When I feel like I need to break a EULA and make that breach public in some form, I generally replace the EULA with my revised version. In installers, I replace the current text. Thier program, acting as thier agent, agrees to the revisions I propose. Web services, just edit the HTML.
They should simply say…
This software is not fit for any purpose, application or otherwise deployment. Use at your own risk…
Rights? You have no rights.
Well, that’s what the lawyers want…
The (old) Borland “No-Nonsense License” is interesting:
b. This Software is owned by Borland or its suppliers and
is protected by copyright law, international copyright
treaties, as well as other proprietary notices. Therefore,
you must treat this Software like any other copyrighted
material (e.g., a book) and you agree that the total number
of copies of the Software used by you may not exceed the
number of Licensed Copies paid for by you, except that you
may either make one copy of the Software solely for backup
or archival purposes or transfer the Software to a single
hard disk provided you keep the original solely for backup
or archival purposes.
A related annoyance is that several FOSS installers now require you to accept the GPL before they will continue the installation. I doubt there is any legal point in doing so, and it seems to contradict “freedom zero” – the right to use the sofware for whatever you want.
It seems the makers (or at least packagers) are trying to imitate the “real” software vendors – look at us, we’ve got real legal bullshit now too! – when it should be the other way around.
I have a vague recollection of a company that put a ‘prize’ in their EULA, to the effect that the first person to email a certain phrase to a certain address would win $50 (or something along those lines).
The prize went unclaimed for quite a while. Anyone else remember this, or the correct details?
Most EULAs say “if you do not agree with the EULA, please quit now, and return the software for a full refund”, however, most stores, thanks to piracy, won’t take opened software, so you’re screwed anyway.
The iTunes one is freakin’ ridiculous. ‘You agree to anything we say, and anything we may say in the future’ (paraphrasing). Anyone can see that CAN’T be held up in any honest court of law.
Maybe Mr. Stallman’s got more of a point than people give him credit for…
I’m not associated with it, but I’ve used Eulalyzer to at least be aware of horrible EULAs.
You forgot my favorite one:
“You will not work around any technical limitations of the software.”
Ah yes…that reminds me of the whole TestDriven.NET debacle.
Wow, the Windows XP EULA is now written in German? Now I’ll really never read it!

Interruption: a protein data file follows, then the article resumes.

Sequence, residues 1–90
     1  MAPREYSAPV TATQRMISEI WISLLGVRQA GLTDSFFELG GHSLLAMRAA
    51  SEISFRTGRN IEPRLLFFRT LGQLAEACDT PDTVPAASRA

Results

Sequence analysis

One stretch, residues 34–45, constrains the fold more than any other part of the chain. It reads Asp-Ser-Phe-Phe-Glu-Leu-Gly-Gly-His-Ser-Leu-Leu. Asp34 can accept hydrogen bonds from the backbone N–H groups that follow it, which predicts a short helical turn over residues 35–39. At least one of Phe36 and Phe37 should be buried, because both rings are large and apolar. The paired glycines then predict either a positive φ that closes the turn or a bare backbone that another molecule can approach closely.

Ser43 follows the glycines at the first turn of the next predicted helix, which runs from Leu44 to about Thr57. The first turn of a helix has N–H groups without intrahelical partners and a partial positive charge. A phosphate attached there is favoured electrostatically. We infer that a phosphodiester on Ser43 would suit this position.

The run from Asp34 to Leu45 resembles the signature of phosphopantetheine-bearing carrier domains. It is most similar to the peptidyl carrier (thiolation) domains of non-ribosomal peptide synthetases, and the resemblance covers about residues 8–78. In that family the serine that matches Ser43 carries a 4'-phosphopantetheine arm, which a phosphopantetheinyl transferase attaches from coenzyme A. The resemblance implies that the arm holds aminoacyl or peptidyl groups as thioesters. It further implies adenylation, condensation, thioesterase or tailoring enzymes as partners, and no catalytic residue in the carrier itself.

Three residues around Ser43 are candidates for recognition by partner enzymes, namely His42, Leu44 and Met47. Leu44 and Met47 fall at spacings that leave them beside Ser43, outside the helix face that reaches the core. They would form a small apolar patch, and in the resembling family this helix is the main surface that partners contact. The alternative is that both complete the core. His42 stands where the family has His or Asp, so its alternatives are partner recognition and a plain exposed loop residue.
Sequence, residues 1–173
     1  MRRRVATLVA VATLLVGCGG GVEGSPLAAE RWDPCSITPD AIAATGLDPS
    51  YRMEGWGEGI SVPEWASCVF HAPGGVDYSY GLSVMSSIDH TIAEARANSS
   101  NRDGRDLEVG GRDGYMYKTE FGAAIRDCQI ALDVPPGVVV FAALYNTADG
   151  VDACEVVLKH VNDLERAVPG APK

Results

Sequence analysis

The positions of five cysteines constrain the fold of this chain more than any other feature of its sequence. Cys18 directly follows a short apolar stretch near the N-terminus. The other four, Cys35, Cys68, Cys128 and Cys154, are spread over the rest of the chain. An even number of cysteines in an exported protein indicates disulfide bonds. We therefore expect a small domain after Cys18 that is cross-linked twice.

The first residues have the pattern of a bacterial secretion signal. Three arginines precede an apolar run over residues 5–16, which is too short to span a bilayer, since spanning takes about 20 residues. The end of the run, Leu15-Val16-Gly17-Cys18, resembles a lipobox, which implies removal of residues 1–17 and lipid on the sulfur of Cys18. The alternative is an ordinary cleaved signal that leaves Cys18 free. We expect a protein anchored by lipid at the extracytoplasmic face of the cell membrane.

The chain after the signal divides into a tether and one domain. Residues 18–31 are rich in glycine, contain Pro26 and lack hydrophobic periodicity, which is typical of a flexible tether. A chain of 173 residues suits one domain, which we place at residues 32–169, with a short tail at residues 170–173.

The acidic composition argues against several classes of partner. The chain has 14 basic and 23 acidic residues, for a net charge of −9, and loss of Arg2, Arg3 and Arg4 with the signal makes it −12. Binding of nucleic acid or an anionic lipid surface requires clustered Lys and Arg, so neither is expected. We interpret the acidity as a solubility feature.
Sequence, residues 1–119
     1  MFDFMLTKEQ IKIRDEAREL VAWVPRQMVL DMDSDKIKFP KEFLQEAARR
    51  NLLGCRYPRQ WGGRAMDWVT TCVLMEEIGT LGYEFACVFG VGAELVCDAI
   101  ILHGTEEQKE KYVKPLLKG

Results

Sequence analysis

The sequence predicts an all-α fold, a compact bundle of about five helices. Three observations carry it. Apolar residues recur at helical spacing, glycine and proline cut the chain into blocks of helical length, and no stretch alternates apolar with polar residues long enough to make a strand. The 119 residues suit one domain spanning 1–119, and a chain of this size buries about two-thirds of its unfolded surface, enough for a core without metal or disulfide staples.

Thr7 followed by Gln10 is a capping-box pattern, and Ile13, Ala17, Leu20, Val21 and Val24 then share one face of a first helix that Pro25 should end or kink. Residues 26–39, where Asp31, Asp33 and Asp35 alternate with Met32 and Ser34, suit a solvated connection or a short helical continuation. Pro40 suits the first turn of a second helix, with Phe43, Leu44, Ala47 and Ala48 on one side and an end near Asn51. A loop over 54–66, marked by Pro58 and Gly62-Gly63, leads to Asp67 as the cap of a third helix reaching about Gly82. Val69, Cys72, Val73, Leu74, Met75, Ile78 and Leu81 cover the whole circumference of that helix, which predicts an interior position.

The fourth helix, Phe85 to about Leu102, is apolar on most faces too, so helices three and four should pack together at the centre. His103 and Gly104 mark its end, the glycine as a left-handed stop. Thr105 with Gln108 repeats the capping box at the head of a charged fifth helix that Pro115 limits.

I don’t even think companies are really paying attention to their EULAs. I was struck by the fact that a EULA I read recently says that you can install it on an unlimited number of computers for your own use, but make only one backup copy (these statements are very, very far apart in the EULA).
And it was software that you can download without charge with registration anyway - what’s the point?
I guess none of you has read your credit card agreement.
So computers do vision and voice recognition…
It’s about time for computers to read a text (such as a EULAs) and tell us ONLY what is important about it!
There is a legend that someone wrote in EULA that the first born of the user has to be sacrificied to crocodile God for a small freeware just to see if anyone reads it. Nobody complained.
Pete Johnson wrote:
“The “Impressum” link on the leftmost part of the footer is mandatory for all pages focused on people within Germany…
Why? I have no idea”
You get the idea, when you encounter online-shops, which have no address or e-mail at all - often enough you encounter that not until something with your order goes wrong.
A shop without an postal address and other mandatory declarations could be closed very easy under the german top-level-domain “.de”, because it’s simply illegal.
For consumers, this is a good act. I claim that there is less e-crime in shops under the german-top-level-domain compared to many other toplevel-domains.
Practically, you will not find a shop in german without correct information in the impressum, at least not very long.
It might be interesting to consider that an admin or a user accepting a EULA for a piece of enterprise software could be entering their company into a legally binding agreement. Companies frown on employees taking such actions. Let’s get the lawyers involved next time we need to install something!
“Run it by legal” isn’t fun for you, or for legal…
So, we all agree that we have an uninteresting, unreadable piece of text that is unbinding and unenforceable.
Is the answer to just leave it off? Hide it in the readme.txt file? Make the installer verify your identity using two pieces of ID and your Single Sign On account? Take a picture of your face with your webcam during install to prove it was you that cliked OK?
It’s all just FUD (Fear, Uncertainty and Doubt) propagated by the unreasonable tort business. Ignore it.
My favorite from the Java EULA:
You acknowledge that Licensed Software is not designed or intended for use in the design, construction, operation or maintenance of any nuclear facility.
“When Doug Heckman was installing a PC Pitstop program, he actually read the EULA. In it, he found a clause stating that he could get financial compensation if he e-mailed PC Pitstop. The result: a $1,000 check, and proof that people don’t read EULAs (3,000 people before him didn’t notice it). The goal of this was to prove that one should read all EULAs, so that one can see if an app is spyware if it is buried in the EULA.”
I have a modest proposal: the EULA-mangling virus, which randomly changes the terms of any EULA agreements it detects.